The effect of 13-valent pneumococcal conjugate vaccine on the serotype distribution and antibiotic resistance profiles in children with invasive pneumococcal disease

Claudia L. Gaviria-Agudelo, Alejandro Jordan-Villegas, Carla Garcia, George H. McCracken

Research output: Contribution to journalArticle

12 Citations (Scopus)

Abstract

Background. Invasive pneumococcal disease (IPD) continues to be a significant burden in children despite the implementation of two generations of conjugate vaccines. Serotype replacement by nonvaccine serotypes is reported in multiple areas around the world. This study is a continuation of previous studies and describes the incidence, serotype distribution, and antibiotic resistance pattern of Streptococcus pneumoniae serotypes causing IPD at Children's Medical Center Dallas after introduction of 13-valent pneumococcal conjugate vaccine (PCV13). Methods. Streptococcus pneumoniae isolates from normally sterile sites were collected from January 1, 1999 to June 30, 2014. Demographic and clinical information was extracted for analysis. Incidence of IPD was calculated using inpatient and emergency center admissions to Children's Medical Center of Dallas as the denominator. Isolates were serotyped and penicillin/cefotaxime susceptibilities were determined. Selected nontypeable isolates were further characterized by multilocus sequence typing. A χ2 test and the Cochran-Armitage Trend Test for trend analysis were used to evaluate change in serotype and antibiotic susceptibility patterns over time. Results. Comparison of the different study periods showed a significant reduction in the incidence of IPD in PCV13 era compared with prevaccine era and PCV7 era (P < .05). Children younger than 24 months showed the largest reduction of disease incidence. More than 40% of patients with IPD had a documented comorbidity. Cases of pneumonia continued to decrease in the PCV13 era (P < .002). The most common non-PCV13 serotypes after vaccine introduction were as follows: 23B, 6C, 23A, 9N/L, and 12. Penicillin resistance by meningitis breakpoint decreased significantly in the PCV13 era. Conclusions. After introduction of PCV13 in Dallas, incidence of IPD caused by strains contained in the vaccine and penicillin resistance continued to decrease. Serotype replacement phenomena and persistence of PCV7 serotypes were documented. Patients with comorbidities represented a large percentage of patients with IPD. Concerns for geographic variation in serotype replacement phenomena arise from the present study.

Original languageEnglish (US)
Pages (from-to)253-259
Number of pages7
JournalJournal of the Pediatric Infectious Diseases Society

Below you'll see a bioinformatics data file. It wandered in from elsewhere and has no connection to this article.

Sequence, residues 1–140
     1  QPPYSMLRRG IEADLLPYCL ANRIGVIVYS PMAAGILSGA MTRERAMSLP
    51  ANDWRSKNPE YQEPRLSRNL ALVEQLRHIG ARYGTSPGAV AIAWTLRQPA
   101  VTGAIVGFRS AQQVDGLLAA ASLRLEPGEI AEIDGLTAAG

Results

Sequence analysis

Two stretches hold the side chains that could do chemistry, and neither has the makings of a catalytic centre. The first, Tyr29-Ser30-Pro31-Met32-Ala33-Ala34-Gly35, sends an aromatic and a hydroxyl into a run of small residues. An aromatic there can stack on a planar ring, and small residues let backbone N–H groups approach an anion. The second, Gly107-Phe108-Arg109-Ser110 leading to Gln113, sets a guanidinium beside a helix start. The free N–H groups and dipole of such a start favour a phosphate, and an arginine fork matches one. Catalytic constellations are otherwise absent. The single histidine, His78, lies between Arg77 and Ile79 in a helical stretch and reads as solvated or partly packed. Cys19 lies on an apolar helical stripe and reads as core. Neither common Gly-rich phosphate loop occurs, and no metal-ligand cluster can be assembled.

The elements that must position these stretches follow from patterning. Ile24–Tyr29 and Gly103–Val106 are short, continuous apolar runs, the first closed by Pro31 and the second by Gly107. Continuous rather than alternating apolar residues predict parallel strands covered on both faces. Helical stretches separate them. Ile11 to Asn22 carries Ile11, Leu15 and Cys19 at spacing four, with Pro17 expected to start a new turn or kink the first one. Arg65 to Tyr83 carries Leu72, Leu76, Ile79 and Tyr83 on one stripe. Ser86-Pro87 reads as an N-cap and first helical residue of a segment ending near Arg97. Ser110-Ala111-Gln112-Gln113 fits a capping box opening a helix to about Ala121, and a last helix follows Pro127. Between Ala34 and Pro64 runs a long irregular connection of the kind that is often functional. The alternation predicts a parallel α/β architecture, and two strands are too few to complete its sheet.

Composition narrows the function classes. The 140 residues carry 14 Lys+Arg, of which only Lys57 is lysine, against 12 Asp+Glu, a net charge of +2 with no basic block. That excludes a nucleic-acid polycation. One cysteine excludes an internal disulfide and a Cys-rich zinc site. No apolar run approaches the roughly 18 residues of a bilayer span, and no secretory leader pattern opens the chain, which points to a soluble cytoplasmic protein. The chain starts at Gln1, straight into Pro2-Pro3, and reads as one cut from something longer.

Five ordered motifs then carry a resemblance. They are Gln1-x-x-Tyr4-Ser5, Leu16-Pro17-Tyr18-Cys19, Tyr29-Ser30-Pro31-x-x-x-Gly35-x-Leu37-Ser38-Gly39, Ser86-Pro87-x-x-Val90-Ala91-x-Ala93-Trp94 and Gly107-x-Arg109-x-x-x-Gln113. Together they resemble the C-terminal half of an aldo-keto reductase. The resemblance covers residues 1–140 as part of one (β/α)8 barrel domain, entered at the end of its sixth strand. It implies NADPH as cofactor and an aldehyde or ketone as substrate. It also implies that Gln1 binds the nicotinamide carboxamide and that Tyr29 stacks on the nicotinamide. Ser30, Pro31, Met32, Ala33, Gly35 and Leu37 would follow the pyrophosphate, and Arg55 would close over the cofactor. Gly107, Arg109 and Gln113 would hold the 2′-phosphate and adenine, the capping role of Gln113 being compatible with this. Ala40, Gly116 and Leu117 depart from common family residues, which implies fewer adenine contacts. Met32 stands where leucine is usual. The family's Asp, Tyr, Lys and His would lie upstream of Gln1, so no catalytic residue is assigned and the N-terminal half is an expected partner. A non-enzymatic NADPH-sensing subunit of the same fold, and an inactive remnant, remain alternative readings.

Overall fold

Volume6
Issue number3
DOIs
StatePublished - Sep 1 2017

Fingerprint

Conjugate Vaccines
Microbial Drug Resistance
Penicillin Resistance
Incidence
Streptococcus pneumoniae
Comorbidity
Vaccines
13-valent pneumococcal vaccine
Serogroup
Multilocus Sequence Typing
Cefotaxime
Meningitis
Penicillins
Inpatients
Pneumonia
Emergencies
Cohort Studies
Demography
Anti-Bacterial Agents

Keywords

  • IPD
  • Pneumococcal conjugate vaccine
  • Serotype distribution
  • Streptococcus pneumoniae

ASJC Scopus subject areas

  • Pediatrics, Perinatology, and Child Health
  • Infectious Diseases

Cite this

The effect of 13-valent pneumococcal conjugate vaccine on the serotype distribution and antibiotic resistance profiles in children with invasive pneumococcal disease. / Gaviria-Agudelo, Claudia L.; Jordan-Villegas, Alejandro; Garcia, Carla; McCracken, George H.

In: Journal of the Pediatric Infectious Diseases Society, Vol. 6, No. 3, 01.09.2017, p. 253-259.

Research output: Contribution to journalArticle

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abstract = "Background. Invasive pneumococcal disease (IPD) continues to be a significant burden in children despite the implementation of two generations of conjugate vaccines. Serotype replacement by nonvaccine serotypes is reported in multiple areas around the world. This study is a continuation of previous studies and describes the incidence, serotype distribution, and antibiotic resistance pattern of Streptococcus pneumoniae serotypes causing IPD at Children's Medical Center Dallas after introduction of 13-valent pneumococcal conjugate vaccine (PCV13). Methods. Streptococcus pneumoniae isolates from normally sterile sites were collected from January 1, 1999 to June 30, 2014. Demographic and clinical information was extracted for analysis. Incidence of IPD was calculated using inpatient and emergency center admissions to Children's Medical Center of Dallas as the denominator. Isolates were serotyped and penicillin/cefotaxime susceptibilities were determined. Selected nontypeable isolates were further characterized by multilocus sequence typing. A χ2 test and the Cochran-Armitage Trend Test for trend analysis were used to evaluate change in serotype and antibiotic susceptibility patterns over time. Results. Comparison of the different study periods showed a significant reduction in the incidence of IPD in PCV13 era compared with prevaccine era and PCV7 era (P < .05). Children younger than 24 months showed the largest reduction of disease incidence. More than 40{\%} of patients with IPD had a documented comorbidity. Cases of pneumonia continued to decrease in the PCV13 era (P < .002). The most common non-PCV13 serotypes after vaccine introduction were as follows: 23B, 6C, 23A, 9N/L, and 12. Penicillin resistance by meningitis breakpoint decreased significantly in the PCV13 era. Conclusions. After introduction of PCV13 in Dallas, incidence of IPD caused by strains contained in the vaccine and penicillin resistance continued to decrease. Serotype replacement phenomena and persistence of PCV7 serotypes were documented. Patients with comorbidities represented a large percentage of patients with IPD. Concerns for geographic variation in serotype replacement phenomena arise from the present study.",